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‘We’re actually being squeezed’: Super funds pressured by proxy adviser crackdown

4 minute read

Super funds are in a tug of war between member and regulatory pressure for climate action and the government’s latest move clamping down on proxy advice, the chair of Spirit Super has said.

Treasurer Josh Frydenberg recently declared a litany of proposed rules for proxy firms, including a requirement to obtain an Australian Financial Services Licence and to provide their research and advice on companies they’re the subject of at least five days before handing it to their investor clients. 

If a proxy adviser’s client is a superannuation fund, the proposed legislation will require them to be independent from their client.

Spirit Super chair Naomi Edwards has said the proposed legislation is “another thing that’s squeezing super fund trustees”.

“We simply cannot go and talk to every company that we invest in about what they’re doing on climate change and climate risk,” Ms Edwards told viewers of the Actuaries Institute Virtual Summit. 

“So we outsource that investigation, analysis, engagement, to proxy advisers. And most of Australian industry super funds, pretty much all of us use a group called ACSI [Australian Council of Superannuation Investors].”

ACSI members include 36 Australian and international asset owners and institutional investors, mostly superannuation funds. Collectively, they own on average 10 per cent of every ASX 200 company, ACSI has reported. 

But under the new legislation, the body would not be able to directly have a relationship with super funds. 

For a smaller fund with already limited teams, the capacity might not be available to internally manage climate risk analysis. The pressure could be another contributing factor to ongoing mergers in the superannuation sector, Ms Edwards said.

APRA also recently released its draft guidance around climate risk management, which will see super funds report on how climate change will affect their businesses and how they’ll manage the risk. 

“It’s not going to be cost-effective for us to do what APRA and what our members want us to do,” Ms Edwards commented, on managing climate risk without external proxy advice. 

“And we’re actually being squeezed between our members, who have a very strong desire – it’s the single most important thing that we get lobbied on by our members, particularly our younger members.”

The landscape for super trustees has been “changing incredibly rapidly” however and will keep evolving.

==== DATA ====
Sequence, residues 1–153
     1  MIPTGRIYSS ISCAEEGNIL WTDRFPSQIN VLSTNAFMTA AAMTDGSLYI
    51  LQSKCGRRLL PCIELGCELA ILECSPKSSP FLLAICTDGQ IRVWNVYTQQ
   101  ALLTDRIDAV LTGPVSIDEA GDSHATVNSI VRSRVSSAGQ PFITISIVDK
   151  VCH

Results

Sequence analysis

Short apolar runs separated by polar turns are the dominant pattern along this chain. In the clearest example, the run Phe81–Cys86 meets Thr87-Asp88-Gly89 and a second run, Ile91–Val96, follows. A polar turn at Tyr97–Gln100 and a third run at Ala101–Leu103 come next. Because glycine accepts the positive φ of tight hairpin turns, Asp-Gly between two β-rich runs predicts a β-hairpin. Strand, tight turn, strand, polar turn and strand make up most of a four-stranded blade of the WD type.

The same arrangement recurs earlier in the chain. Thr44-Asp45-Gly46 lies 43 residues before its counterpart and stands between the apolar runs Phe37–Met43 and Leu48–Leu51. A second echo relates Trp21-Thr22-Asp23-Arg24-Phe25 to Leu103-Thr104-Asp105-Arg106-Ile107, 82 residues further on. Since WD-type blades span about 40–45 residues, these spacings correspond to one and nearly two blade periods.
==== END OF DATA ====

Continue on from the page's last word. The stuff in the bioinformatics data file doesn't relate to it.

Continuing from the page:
The draft Your Future, Your Super reforms have proposed account stapling, which could see members tied to a fund potentially for life. 

“Therefore trustees are going to be very, very interested in the views of young people,” Ms Edwards said. 

“And of course, we all know that young people are the people who not only will be most affected by climate change, but who care most about it.”

Trustees have also watched the precedent Rest case, where a member sued the fund for failing to protect his money against climate change, and the recent legal opinion from eminent QC Noel Hurtley, who has told super funds must, under current law, take climate risk into account.

Mr Hutley has also advised super funds that if they have made public commitments about climate action, such as pledging to a net-zero emissions target, they must have reasonable grounds on which to back up that statement. 

“Basically, you can’t greenwash,” Ms Edwards said.

Trustees are in the middle, needing to balance all of the different pressures to manage their funds’ exposure to climate risk. But the Spirit Super chair has predicted there will be more changes to face.

“I expect that just as we are racing to change our monitoring and analysis of risks and our commitments, so too, I think that the risks that we’re looking at, so in terms of carbon stranding… or tolerance for investments in thermal coal, I think that will change extremely rapidly,” she said. 

“So I think it’s appropriate that there’s a very high pressure on super funds to move quickly in the space, because I suspect that the valuation of some of our investee companies are going to change rapidly over the next few years as these pressures come to bear.”